After Bexhet Konar escapes fascist Hungary and crosses the ocean to find Jozef, the man who saved his life in 1919, he falls in love with Jozef's daughter, Hannah, enlists in World War II, and is drawn into a personal war of revenge. Many years later, their youngest son, Samuel, is taken prisoner in Vietnam and returns home with a heroin addiction and deep physical and psychological wounds. As Samuel travels his own path toward healing, his son will graduate from Annapolis as a Marine on his way to Iraq.
Krivak’s prose is earthy, assured, and exquisitely rendered in evocative descriptions of the natural world juxtaposed with visceral combat scenes. The language is lush, alternating in cadence to reflect the action and settings. The accounts of survival in war-torn countries are particularly striking, illustrating the dichotomy of beauty and death. Krivak is equally adept at exploring the emotional sinews connecting family, community, and country.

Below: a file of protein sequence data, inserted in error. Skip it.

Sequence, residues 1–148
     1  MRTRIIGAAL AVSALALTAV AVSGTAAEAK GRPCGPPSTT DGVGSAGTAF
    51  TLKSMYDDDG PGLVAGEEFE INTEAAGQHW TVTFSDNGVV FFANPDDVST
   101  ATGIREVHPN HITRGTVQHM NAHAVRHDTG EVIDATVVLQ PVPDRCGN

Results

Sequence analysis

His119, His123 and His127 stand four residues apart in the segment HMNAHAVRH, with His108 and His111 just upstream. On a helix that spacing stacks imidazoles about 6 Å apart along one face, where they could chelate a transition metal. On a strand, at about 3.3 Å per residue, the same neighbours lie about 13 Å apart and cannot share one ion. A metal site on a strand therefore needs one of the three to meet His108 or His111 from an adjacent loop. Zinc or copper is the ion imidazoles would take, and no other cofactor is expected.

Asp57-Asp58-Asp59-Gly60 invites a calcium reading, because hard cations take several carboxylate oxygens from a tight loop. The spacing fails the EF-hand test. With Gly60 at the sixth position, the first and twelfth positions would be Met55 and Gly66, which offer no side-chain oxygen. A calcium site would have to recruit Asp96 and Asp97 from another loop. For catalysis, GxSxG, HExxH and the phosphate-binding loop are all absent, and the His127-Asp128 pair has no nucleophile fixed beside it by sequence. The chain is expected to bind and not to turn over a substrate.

This intensely readable whopper of a book provides a nuanced perspective on the human struggle to survive war through the lens of Hungary and the Roma people. The mystical connection to family and nature across space and time in the form of a bear provides a special twist.